2. Component: Reduction in Adult Illeteracy
3. Component: Expansion of Technical-Vocational Education
b) Agriculture and Rural Development (2000-2003)
4. Component: Increased Agricultural Productivity
5. Component: Rural Development

c) Infrastructure
6. Component: Expansion and Improvement of the Infrastructure Network
7. Component: Access to Clean Water
8. Component: Improved Access to and Quality of Housing
9. Component: Access to Safe and Sustainable Energy
10. Component: Access to Communications

d) Health
11. Component: Expansion of Access and Improved Mother and Child and Under-Five Health Care
12. Component: STD/AIDS (2000-2002)
13. Component: Nutrition

e) Employment
14. Component: Promotion of Employment and Self Employment
15. Component: Vocational Training

f) Social Security and Assistance (2000-2003)
16. Component: Direct Social Assistance
17. Component: Social Rehabilitation of Vulnerable Groups

g) Food Security
18. Component: Improved Household Food Security

h) Institutional Capacity Building on Poverty Issues (2000-2004)
19. Component: Training
20. Component: Research

4.3. Sector Matrices

Part 5 - Coordination, Implementation and Indicators

5.1. Implementation and Coordination Mechanisms
5.1.1. Partnership and Institutional Co-ordination
5.1.2. Decentralisation and Participatory Development
5.1.3. Inter-Sectoral Coordination

5.2. Monitoring and Evaluation
5.2.1. Type of Monitoring Indicators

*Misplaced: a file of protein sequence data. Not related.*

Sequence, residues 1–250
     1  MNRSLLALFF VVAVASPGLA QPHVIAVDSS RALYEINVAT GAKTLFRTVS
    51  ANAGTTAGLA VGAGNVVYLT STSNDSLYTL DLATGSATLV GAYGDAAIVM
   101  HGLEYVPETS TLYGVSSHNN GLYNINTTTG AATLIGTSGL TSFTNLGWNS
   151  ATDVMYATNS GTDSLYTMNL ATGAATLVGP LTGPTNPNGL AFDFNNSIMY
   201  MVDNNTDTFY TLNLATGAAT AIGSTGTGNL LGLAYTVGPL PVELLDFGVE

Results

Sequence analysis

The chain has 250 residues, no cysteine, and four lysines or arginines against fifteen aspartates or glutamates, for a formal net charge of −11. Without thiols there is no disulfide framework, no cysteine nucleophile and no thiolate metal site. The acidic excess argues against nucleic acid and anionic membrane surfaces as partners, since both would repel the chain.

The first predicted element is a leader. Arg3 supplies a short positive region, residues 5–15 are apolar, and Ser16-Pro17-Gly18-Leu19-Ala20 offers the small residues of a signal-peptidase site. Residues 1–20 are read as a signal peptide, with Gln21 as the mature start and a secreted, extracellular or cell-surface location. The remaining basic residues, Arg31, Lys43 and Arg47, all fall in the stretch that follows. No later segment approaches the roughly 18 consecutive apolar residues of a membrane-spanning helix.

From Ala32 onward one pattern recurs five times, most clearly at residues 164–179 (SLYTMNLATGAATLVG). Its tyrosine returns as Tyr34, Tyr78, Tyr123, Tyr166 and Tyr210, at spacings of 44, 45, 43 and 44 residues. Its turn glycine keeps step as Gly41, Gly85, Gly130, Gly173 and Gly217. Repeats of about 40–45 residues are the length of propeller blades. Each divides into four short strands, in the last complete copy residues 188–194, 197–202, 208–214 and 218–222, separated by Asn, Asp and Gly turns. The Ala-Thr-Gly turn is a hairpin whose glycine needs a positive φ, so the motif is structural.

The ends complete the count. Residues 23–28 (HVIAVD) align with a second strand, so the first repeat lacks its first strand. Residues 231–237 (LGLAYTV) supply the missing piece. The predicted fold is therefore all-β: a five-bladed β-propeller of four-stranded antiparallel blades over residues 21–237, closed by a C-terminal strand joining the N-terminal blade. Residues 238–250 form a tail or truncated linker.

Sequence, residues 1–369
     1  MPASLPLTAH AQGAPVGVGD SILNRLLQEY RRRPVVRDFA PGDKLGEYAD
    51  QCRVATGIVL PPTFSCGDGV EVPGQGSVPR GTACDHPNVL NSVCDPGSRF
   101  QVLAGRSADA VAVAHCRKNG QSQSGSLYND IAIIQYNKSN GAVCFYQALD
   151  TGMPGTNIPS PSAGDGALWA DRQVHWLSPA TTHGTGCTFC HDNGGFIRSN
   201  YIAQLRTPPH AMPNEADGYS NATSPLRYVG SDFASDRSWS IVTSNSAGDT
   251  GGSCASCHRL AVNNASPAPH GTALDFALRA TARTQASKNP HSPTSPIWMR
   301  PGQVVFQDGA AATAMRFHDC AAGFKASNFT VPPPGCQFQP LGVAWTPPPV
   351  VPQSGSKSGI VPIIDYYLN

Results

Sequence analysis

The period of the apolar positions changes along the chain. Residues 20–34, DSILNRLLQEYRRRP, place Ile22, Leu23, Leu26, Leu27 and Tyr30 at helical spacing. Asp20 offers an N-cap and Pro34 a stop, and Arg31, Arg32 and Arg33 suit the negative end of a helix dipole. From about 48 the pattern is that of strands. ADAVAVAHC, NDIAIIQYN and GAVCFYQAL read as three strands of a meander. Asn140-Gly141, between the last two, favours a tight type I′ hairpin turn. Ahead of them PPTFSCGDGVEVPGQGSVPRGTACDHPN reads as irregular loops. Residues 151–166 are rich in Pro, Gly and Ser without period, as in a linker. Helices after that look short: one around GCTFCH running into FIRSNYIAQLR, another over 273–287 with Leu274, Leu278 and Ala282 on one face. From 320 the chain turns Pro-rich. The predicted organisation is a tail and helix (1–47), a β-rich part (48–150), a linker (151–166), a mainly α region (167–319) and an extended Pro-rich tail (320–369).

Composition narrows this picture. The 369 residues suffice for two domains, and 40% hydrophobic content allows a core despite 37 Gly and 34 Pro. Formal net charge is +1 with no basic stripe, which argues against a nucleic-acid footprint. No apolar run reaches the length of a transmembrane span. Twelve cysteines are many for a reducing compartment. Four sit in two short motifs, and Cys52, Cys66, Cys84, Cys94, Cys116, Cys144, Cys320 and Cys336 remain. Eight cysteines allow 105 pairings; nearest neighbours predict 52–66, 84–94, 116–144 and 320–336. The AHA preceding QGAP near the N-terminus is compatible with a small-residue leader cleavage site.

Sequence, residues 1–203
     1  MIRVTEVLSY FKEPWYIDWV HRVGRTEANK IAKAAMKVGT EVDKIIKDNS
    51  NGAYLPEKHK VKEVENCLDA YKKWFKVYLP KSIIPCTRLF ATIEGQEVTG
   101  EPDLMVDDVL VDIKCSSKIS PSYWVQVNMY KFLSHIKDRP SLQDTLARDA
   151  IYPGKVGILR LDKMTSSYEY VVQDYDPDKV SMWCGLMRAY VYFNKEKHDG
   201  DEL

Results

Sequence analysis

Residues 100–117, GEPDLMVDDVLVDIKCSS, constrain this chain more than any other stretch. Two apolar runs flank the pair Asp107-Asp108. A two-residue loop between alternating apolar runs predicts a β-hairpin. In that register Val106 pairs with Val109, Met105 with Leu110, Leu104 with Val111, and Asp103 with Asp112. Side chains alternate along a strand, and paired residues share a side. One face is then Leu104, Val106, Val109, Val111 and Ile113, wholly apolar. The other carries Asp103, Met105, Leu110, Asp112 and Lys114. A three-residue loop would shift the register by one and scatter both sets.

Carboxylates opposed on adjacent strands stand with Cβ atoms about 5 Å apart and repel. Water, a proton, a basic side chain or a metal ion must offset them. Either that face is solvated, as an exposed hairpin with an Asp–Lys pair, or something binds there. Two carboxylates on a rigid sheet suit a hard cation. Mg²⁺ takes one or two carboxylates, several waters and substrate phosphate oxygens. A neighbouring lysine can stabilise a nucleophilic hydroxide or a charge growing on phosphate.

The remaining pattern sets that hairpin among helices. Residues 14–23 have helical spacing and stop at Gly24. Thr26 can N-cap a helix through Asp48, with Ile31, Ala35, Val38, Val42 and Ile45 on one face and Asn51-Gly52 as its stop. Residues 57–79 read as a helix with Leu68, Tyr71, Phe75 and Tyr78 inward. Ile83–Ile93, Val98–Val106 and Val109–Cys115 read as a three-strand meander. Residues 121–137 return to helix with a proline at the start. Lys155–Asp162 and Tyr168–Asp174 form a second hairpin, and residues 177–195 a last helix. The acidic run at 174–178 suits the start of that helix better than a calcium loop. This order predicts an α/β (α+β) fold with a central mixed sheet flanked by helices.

5.2.2. Proposed Indicators


Tables

1. Average Consumption and Poverty Estimates by Zone and Region
2. Average Consumption and Estimates of Poverty and Destitution by Province
3. Non-consumption Based Welfare Indicators
4. Annual and Five-Year Monitoring Indicators

Annexes

1. Table 5. Demographic and macroeconomic Context
2. Map 1. Incidence of Poverty by Province

References

 

 

Contents

Introduction

As poverty is the most important factor in the definition of any development strategy in Mozambique, the Government decided to prepare a medium/long-term development program which, with appropriate policies and measures as well as short-term instruments for its operationalization, will attack the problem of poverty, which affects around 70% of the population.

In the context of its attack to poverty, Mozambique elaborated in 1999 an Action Plan for the Reduction of Absolute Poverty (Plano de Acção para a Redução da Pobreza Absoluta— PARPA), which defines the actions and priorities to be implemented at different levels and in different sectors. PARPA was taken as the basis for the design of the Interim Poverty Reduction Strategy Paper (PRSP) and is included as an annex to this document.

The present document was produced to indicate the country’s current phase of preparation of the development program, what is intended to be done, the next steps, and the necessary consultation process for the production of this program. The full PRSP will be extracted from the medium-term development program.

Besides this Introduction, this document encompasses seven sections: (i) the statement of the commitment of the government to reduce poverty, (ii) the presentation of the nature of poverty in Mozambique, (iii) the global objective of poverty reduction for the decade of 2000-2009, and the strategies and actions that the government sees itself using to address poverty, (iv) the description of the process of preparation of the PRSP, (v) its dissemination and the consultation process, (vi) indicators, monitoring and evaluation, and (vii) the timeline of activities to be developed.